• The Installation costs of the heat exchanger will be minimized. • The product will preferably be packaged with some tools/accessories to aid in installation and cleaning such as simple punch out drain intake and outlets, bulkhead caps to plug punched out holes, adjustable feet to level the heat exchanger, a specialized brush for cleaning the tubes, and possibly fittings to adapt to different standards of plumbing in various countries. • The preferred embodiment shall preferably be made from recycled materials, or from new materials which are recyclable.

The preferred embodiment should be self-draining to minimize build up of fouling agents, and also to prevent possible damage due to freezing. The excess drain water will be automatically drained from the exchanger after every use.

DETAILED DESCRIPTION OF PREFERRED EMBODIMENT With reference to Figures 5 A, 5B and 6 features of a preferred embodiment will be described, by means of primarily describing/explaining each reference sign used in said figures.

1, 2, 3; Multiple Drain Intake Options allow the embodiment to be mounted in various locations. The unused intakes are either not punched out by the installer to begin with, or plugged with caps provided. The caps would be screwed into place and can be removed if needed, either for cleaning, or for mounting in a different location.

4; Adjustable feet are used to stabilize the embodiment on an uneven shower floor. These could also take the form of compressible foam or rubber pads (supplied in a variety of thicknesses).

5; Intake Drain Screen this is an integrated screen and trap together. This part would sit over the mouth of the drain intake and can be lifted out when it needs to be cleaned out. This helps to prevent fouling.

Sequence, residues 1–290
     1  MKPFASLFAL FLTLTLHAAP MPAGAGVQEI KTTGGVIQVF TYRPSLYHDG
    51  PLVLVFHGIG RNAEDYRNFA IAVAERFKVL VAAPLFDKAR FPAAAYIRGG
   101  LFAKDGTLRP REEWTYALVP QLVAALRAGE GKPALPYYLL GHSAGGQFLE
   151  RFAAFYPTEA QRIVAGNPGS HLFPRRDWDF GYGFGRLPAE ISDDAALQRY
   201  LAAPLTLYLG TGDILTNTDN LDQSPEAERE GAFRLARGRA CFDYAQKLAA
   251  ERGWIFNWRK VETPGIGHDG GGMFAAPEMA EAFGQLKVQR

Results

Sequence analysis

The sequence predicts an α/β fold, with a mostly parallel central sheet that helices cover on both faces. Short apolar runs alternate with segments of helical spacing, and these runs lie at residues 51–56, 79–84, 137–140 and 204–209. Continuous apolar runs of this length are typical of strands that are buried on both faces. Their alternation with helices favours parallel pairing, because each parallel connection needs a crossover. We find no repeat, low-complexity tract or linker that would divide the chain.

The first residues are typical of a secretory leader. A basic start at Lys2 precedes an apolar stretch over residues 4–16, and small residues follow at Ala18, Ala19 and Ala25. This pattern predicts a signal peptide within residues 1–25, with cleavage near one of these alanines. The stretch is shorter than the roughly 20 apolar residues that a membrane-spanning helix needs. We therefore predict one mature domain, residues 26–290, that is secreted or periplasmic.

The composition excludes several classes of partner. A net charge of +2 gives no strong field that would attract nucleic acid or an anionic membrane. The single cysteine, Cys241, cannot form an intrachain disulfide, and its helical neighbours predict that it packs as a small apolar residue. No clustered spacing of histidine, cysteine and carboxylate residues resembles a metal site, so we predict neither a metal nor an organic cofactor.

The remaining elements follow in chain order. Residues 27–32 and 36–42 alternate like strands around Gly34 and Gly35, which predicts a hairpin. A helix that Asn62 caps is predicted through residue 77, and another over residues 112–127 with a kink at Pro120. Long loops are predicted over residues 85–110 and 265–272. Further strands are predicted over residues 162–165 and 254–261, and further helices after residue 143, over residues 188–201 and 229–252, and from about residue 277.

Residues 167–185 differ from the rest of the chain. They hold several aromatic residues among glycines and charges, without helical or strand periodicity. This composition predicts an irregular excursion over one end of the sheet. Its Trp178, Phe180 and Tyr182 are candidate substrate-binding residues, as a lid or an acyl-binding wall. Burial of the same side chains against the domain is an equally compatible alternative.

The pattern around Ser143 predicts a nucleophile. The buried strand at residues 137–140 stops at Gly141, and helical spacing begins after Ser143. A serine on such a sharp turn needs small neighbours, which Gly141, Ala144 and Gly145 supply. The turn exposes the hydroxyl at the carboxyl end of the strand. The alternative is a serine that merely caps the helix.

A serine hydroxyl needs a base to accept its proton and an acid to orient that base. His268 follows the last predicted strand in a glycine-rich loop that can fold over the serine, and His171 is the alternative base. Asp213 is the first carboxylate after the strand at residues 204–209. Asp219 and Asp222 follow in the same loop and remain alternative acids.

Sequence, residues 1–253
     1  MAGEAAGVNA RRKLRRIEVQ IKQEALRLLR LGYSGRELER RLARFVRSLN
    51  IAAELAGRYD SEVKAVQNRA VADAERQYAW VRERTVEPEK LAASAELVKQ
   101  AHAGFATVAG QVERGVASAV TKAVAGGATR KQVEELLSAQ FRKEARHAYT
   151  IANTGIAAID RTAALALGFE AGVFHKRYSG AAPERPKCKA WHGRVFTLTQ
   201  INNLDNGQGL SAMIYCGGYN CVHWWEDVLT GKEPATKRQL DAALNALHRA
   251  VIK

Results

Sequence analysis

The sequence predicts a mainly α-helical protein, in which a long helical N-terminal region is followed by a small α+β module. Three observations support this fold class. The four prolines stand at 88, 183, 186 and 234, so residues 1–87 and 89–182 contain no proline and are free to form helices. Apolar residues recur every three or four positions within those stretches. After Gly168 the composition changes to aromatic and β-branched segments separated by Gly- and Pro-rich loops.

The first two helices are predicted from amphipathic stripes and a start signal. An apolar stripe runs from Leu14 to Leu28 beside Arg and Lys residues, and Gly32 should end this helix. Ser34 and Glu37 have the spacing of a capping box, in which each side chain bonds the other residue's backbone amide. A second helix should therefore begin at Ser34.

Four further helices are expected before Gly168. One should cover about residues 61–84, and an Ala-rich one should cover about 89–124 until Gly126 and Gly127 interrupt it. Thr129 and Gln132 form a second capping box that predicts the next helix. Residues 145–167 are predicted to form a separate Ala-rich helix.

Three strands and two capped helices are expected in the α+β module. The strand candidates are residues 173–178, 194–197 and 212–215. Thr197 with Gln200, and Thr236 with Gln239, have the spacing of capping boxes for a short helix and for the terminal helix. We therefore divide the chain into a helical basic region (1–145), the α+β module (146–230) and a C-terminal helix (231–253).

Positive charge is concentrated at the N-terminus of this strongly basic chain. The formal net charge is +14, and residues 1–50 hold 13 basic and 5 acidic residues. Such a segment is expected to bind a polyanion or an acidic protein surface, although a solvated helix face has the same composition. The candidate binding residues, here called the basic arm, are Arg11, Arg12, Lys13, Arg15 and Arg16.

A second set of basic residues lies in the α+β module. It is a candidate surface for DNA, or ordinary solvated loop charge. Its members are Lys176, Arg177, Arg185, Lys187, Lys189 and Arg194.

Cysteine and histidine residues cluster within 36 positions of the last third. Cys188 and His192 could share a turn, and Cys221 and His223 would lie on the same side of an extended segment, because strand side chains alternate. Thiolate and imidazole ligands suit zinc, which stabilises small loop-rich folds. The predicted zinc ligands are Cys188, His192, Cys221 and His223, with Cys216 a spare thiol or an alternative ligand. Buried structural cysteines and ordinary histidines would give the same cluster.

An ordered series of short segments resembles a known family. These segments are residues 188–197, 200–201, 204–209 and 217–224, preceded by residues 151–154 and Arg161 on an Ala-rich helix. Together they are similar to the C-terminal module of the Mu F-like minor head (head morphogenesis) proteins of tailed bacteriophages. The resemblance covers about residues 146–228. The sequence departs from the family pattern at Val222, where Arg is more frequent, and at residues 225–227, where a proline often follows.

6; The Plastic PEX Tube carries the cold water to be warmed up. The tubes are supported by brackets (22). The direction of water flow in the pipe would ideally be in the opposite direction to the drain water flow (counter flow). This greatly improves the efficiency of the embodiment compared to if the flow were parallel flow. The tubes in the preferred embodiment would be arranged in a multilayer spiral/coil pattern as shown in Figures 5B and 6, or alternatively in a flattened helix as shown in Figures 9A and 9B. The number of layers in the spiral/coil or the number of turns in the helix may be greater than that shown in the figures.

The tubes could alternately have some kind of heat transfer augmentation, such as longitudinal fins, etc. See Figure 8.

The Tubes could alternately be made of copper or other metal. The required length of tube would therefore be shorter, but the manufacturing cost would increase dramatically.

7; Platform is a non-slip surface for standing on. It is slightly sloped to bring water towards the primary drain intake. The platform features surface channels or grooves (18).

8, 9, 10, 11 ; Drain Outlet Options allow the embodiment to be mounted in various locations. The outlet desired can possibly be punched out of the plastic mold and fitted with a bulkhead type fitting. The fitting could be screwed into place at the time of installation. Caps could be provided which would allow a punched out hole to be plugged if a different drain option is required. The unused outlets could thereby also be removed if needed, for cleaning, etc.

12; Base is the bottom of the unit. It is slightly sloped to bring water towards the primary drain outlets 8, 9, 10, or 11.

13; Baffles are used to guide the drain water through a spiral (Fig. 6) or helical/serpentine (Fig. 9A) course through the embodiment to roughly simulate a concentric tube heat exchanger. The flow is guided downstream towards one of the

drain outlets. The channels thus formed help to raise the heat transfer rate, which in turn helps to improve the efficiency. The baffles do not always join with the platform, but instead there is clearance so that if there is a clog somewhere in the embodiment, the drain water will overflow a baffle upstream and bypass the clog. Some baffles may however join with the platform in order to support it. Channel walls/baffles may also allow insertion of a cleaning brush over them in order to access the tubes for cleaning.